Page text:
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I am trying to build a script (I'm pretty new to linux scripting) and I can't seem to figure out why I'm not able to run this script. If I keep the header (#!/bin/sh) in, I get the following:

-bash: /tmp/ConvertAndUpdate.sh: /bin/sh^M: bad interpreter: No such file or directory

If I take it out, I get the following:

'tmp/ConvertAndUpdate.sh: line 2: syntax error near unexpected token `do
'tmp/ConvertAndUpdate.sh: line 2: `do

Any ideas? Here is the full script:

for file in *.wav; do
    mp3=$(basename .$file. .wav).mp3;
    #echo $mp3
    nice lame -b 16 -m m -q 9 .resample 8 .$file. .$mp3.;
    touch .reference .$file. .$mp3.;
    chown apache.apache .$mp3.;
    chmod 600 .$mp3.;
    rm -f .$file.;
    mv .$file. /converted;
    sql="UPDATE recordings SET IsReady=1 WHERE Filename='${file%.*}'"
    echo $sql | mysql --user=me --password=pasword Recordings
    #echo $sql
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2 Answers 2

up vote 1 down vote accepted

You may actually have a non-printing character in there. You probably saved this file on Windows with the "\r\n" line endings instead of the regular UNIX "\n" endings. Use dos2unix to fix it. Also, just some things....

You don't appear to be quoting "$file" or any of these other variables... so your script might work if there are no spaces in any of the filenames, but you can bet its going to break if there are spaces. Whenever you use a variable, it is very important to ensure that it remains properly quoted.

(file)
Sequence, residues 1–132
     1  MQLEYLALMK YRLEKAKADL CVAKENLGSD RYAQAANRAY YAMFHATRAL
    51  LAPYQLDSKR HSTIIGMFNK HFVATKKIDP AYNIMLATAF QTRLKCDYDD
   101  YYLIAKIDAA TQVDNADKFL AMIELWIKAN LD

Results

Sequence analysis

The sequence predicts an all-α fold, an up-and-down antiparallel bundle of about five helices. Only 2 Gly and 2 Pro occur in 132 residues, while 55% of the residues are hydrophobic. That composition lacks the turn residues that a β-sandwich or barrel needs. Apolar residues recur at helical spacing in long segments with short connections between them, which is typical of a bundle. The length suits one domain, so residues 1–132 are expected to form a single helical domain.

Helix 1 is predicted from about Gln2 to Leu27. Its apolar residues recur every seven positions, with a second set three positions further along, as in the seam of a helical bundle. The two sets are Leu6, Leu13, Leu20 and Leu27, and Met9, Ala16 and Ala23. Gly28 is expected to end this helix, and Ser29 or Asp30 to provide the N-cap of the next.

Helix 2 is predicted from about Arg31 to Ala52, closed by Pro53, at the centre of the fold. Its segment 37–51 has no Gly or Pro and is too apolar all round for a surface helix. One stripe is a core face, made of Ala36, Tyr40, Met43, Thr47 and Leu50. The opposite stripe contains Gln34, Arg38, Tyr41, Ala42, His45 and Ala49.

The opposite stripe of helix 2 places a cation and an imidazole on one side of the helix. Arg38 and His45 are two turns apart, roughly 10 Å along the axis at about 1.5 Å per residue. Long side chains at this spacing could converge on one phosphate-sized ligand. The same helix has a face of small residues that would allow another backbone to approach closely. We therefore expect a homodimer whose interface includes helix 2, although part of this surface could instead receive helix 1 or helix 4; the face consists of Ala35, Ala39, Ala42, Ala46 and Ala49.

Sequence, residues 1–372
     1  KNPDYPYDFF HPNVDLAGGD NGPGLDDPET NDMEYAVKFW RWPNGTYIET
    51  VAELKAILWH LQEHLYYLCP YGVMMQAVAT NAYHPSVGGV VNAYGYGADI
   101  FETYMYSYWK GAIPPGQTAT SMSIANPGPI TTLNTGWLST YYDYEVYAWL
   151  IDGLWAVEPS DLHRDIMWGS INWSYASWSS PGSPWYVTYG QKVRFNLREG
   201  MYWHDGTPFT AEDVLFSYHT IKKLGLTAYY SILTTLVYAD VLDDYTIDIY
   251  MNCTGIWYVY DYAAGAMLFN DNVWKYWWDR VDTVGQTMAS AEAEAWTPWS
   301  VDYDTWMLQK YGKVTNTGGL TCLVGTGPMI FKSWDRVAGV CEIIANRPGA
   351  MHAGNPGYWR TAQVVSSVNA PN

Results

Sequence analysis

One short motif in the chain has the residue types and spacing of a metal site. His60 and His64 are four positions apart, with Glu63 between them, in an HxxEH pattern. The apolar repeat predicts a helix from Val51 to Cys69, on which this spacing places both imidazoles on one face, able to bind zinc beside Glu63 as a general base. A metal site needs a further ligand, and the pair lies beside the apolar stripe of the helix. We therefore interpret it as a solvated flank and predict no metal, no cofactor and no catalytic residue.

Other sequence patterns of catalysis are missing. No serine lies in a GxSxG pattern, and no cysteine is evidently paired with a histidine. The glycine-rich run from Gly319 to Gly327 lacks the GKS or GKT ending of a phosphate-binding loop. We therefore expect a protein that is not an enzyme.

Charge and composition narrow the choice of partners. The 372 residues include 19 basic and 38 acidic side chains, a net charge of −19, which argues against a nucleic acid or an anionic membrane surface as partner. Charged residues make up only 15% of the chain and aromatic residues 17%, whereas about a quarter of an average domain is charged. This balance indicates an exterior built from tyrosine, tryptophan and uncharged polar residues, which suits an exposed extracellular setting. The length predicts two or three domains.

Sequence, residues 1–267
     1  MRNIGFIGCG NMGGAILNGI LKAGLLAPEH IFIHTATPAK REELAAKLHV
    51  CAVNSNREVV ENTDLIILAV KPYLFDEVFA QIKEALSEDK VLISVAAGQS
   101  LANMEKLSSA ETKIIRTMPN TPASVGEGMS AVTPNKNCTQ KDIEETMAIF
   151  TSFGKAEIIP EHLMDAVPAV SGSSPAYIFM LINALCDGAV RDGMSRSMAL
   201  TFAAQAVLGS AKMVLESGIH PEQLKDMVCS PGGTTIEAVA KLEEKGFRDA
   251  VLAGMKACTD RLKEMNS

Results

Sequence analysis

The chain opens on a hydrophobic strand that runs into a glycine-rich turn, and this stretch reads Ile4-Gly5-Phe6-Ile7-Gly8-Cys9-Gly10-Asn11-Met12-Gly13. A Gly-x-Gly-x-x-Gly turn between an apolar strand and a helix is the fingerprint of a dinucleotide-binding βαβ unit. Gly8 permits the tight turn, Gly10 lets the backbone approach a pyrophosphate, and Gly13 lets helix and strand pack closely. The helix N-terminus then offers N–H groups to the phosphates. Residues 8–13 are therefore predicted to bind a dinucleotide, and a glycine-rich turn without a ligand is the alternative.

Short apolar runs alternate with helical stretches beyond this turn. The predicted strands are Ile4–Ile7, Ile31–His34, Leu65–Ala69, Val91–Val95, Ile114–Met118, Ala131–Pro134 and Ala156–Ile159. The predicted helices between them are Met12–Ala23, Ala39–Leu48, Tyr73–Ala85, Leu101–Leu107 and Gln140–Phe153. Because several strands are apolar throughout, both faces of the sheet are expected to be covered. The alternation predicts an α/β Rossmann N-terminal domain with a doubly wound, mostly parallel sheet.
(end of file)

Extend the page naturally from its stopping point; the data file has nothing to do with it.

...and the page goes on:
Unlike in C++ and Java, the semicolon in shell scripting is used to separate, not terminate statements. You should not put semicolons at the end of statements; you should only use semicolons if you want to use more than one statement per line.

There are several different interpreters. If you use /bin/sh, you are only guaranteed the minimum features that are required by POSIX. If you are planning to use BASH-specific features, use /bin/bash. As a habit, I use #! /bin/bash unless I absolutely need to target just /bin/sh, in which case I also do a very thorough review of my code to ensure that I am not using any features beyond those of /bin/sh.

I have fixed a part of your shell script as follows:

#! /bin/bash
for file in *.wav; do
    filebasename=`basename "$file" .wav`
    nice lame -b 16 -m m -q 9 --resample 8 "$file" "$filemp3"

I am not sure exactly what you were trying to do with the rest of it.

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Very thurough! Thank you! –  Benny Apr 23 '10 at 15:46

You have apparently saved the file with CRLF line endings instead of the proper LF line endings. The ^M is the giveaway.

Change the file to LF line endings.

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